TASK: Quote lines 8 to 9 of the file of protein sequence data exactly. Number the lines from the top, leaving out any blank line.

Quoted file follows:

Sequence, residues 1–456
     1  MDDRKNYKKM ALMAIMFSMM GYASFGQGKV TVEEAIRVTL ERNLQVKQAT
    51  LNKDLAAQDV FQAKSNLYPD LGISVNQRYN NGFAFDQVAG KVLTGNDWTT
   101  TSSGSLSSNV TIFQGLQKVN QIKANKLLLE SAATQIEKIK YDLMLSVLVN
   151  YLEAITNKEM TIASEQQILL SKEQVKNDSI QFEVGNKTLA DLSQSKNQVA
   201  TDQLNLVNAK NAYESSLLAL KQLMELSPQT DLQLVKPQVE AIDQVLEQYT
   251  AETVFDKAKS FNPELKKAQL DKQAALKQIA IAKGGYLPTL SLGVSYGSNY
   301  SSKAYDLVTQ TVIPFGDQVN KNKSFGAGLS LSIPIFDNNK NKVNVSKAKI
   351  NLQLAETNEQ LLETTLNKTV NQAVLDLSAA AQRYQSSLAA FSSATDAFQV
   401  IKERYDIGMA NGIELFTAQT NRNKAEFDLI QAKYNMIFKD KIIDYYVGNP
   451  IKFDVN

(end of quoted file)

   301  SSKAYDLVTQ TVIPFGDQVN KNKSFGAGLS LSIPIFDNNK NKVNVSKAKI
   351  NLQLAETNEQ LLETTLNKTV NQAVLDLSAA AQRYQSSLAA FSSATDAFQV